Greenpeace is one of the few organisations able to lift the lid on the economics of pollution.
300 of the largest coal-powered power stations in Europe kill 22,300 people prematurely every year and cost billions in health care, lost working days and insurance claims. This very significant Greenpeace Report is named, “Silent Killers.”
Stuttgart University were commissioned to carry it the work on health impacts from the coal industry. Road traffic accidents are now less dangerous than coal plant pollution in Poland, Romania, Bulgaria and the Czech Republic, with the UK and then Germany only just behind these champions of bad health.
Only 5th in the table, the UK loses 22,600 years of life and 480,000 working days are lost every year.
Publishing those figures over the whole of Europe, the incredible total is 240,000 years lost from people’s lives.
In the UK, the 2 largest power stations are each responsible for 4450 and 4210 lives lost prematurely.
As the leading polluter, Polish government and utility plans to build 12 new plants are reprehensible. Alongside the Polish PGE, RWE, PPC, Vattenfall and ?EZ prove to be creating the worst impacts on health. Microscopic particle pollution has always been the main killer of coal miners through pneumoconiosis. Now research indicates acid gases, soot, dust from coal and diesel engines are all penetrating the human lung and bloodstream.
The increasingly prevalent British asthma attack and other respiratory problems, particularly of children, could well be laid directly at the door of these pollutants. As well as this terrible news, the Greenpeace report states clearly that, “tens of thousands of kilogrammes of toxic metals such as mercury, lead, arsenic and cadmium are spewed out of the stacks, contributing to cancer risk and harming children’s development.” Sulphur dioxide production is an aspect of coal burning that has always been a recognised problem. 70% of Europe’s sulphur emissions and 40% of the nitrogen oxide come from these 300 huge power station.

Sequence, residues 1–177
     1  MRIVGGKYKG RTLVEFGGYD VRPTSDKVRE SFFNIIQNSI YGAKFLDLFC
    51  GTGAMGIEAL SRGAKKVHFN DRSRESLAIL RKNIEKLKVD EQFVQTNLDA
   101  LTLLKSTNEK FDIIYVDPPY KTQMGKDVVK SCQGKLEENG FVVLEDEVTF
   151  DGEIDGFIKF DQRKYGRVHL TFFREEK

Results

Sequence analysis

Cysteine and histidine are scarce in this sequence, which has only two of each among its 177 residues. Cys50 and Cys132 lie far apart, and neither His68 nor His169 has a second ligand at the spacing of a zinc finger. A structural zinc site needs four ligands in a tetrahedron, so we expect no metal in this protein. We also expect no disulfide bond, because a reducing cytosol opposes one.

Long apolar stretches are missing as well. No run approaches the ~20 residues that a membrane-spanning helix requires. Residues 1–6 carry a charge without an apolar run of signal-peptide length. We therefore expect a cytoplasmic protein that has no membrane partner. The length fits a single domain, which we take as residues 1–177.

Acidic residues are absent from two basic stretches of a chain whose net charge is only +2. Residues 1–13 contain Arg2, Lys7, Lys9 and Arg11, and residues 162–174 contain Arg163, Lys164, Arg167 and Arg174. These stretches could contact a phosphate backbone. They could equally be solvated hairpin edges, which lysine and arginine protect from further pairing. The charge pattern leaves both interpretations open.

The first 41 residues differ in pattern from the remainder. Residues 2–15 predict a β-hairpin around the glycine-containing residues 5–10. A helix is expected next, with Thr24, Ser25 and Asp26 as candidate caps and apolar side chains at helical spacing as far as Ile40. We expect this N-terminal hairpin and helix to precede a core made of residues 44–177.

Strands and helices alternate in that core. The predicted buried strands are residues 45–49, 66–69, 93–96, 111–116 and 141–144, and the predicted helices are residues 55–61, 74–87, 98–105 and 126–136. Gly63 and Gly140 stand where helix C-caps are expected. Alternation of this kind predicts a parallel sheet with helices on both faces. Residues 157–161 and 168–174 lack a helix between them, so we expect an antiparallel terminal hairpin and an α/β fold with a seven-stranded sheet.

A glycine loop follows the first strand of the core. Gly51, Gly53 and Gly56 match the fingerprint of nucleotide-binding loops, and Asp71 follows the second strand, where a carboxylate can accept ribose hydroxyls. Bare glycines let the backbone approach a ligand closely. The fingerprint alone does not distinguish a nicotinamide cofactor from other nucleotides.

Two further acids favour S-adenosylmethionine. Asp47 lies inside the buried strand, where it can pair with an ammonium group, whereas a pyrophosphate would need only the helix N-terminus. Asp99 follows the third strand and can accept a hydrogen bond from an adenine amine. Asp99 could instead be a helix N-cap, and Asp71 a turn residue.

As earth Times quoted the other day, with American coal being sold cheaply now, the use of coal within the EU has increased every year from 2009 to 2012! Clean renewable energy is increasing in popularity in places like Scotland and Norway with the renewable energy targets of the EU likely to encourage further steps. Lauri Myllyvirta is a Greenpeace International energy campaigner. Her quote is related to the “staggering” nature of the results. “Europe must continue down the path of clean renewable energy by setting an ambitious, binding 2030 renewable energy target,” she states.
Greenpeace is asking the European Commission to propose a binding renewable energy target of 45% with greenhouse gas reduction target of 55% by 2030. This is despite open defiance by people such as the UK Energy Minister, Edward Davey, and several other polluters in the EU. Mr Davey is struggling to recover his green credentials after being forced into financial cuts. This has delayed a proposed carbon-free UK production of electricity by the year 2030.
Read more at http://www.earthtimes.org/pollution/pollution-silesia-scunthorpe/2378/#5HES4Xm25XQFCo7U.99 – See more at: http://www.earthtimes.org/pollution/pollution-silesia-scunthorpe/2378/#sthash.hlzqgg2a.dpuf
Pollution from Silesia to Scunthorpe By Dave Armstrong – 13 Jun 2013 8:44:0 GMT
The 300 power plants mentioned in the report range throughout the EU, from Silesia to Scunthorpe; Pollution image; Credit: © Shutterstock
Economics of Pollution